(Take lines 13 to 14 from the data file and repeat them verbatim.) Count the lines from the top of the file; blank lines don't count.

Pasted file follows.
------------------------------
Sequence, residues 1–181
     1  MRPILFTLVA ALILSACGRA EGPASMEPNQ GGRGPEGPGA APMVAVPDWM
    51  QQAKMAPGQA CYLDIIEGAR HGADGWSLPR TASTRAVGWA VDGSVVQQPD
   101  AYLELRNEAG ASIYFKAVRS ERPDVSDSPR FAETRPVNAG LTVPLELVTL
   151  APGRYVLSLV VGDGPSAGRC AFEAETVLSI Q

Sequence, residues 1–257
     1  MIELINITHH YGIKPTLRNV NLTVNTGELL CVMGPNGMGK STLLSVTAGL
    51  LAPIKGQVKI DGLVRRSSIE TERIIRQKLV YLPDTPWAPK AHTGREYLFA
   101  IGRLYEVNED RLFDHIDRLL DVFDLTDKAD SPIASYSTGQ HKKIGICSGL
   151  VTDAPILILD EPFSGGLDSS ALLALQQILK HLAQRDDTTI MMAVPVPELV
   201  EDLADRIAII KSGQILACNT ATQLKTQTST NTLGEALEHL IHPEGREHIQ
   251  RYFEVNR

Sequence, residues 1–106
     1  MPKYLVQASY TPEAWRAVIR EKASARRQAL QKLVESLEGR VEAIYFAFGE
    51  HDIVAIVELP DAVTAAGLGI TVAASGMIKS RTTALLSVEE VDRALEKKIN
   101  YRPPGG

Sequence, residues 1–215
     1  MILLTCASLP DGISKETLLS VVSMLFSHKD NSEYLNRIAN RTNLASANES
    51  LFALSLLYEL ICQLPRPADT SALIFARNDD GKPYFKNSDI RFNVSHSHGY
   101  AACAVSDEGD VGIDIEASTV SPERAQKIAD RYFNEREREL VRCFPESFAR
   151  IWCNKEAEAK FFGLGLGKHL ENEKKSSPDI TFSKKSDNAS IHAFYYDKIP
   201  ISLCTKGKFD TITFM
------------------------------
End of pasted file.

Sequence, residues 1–106
     1  MPKYLVQASY TPEAWRAVIR EKASARRQAL QKLVESLEGR VEAIYFAFGE